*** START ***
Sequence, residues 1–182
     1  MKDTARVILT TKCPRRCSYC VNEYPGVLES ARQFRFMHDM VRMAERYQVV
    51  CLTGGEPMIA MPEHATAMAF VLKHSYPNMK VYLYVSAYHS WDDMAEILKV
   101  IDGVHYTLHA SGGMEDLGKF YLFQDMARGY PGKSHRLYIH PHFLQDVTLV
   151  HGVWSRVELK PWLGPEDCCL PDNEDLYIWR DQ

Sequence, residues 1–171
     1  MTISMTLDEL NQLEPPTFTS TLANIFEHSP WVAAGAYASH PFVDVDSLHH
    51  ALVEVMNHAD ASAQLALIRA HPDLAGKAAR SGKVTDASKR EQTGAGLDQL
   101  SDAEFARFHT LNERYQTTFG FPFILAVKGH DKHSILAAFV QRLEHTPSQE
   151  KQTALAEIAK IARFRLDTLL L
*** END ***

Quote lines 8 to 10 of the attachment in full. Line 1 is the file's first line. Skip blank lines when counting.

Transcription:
    51  ALVEVMNHAD ASAQLALIRA HPDLAGKAAR SGKVTDASKR EQTGAGLDQL
   101  SDAEFARFHT LNERYQTTFG FPFILAVKGH DKHSILAAFV QRLEHTPSQE
   151  KQTALAEIAK IARFRLDTLL L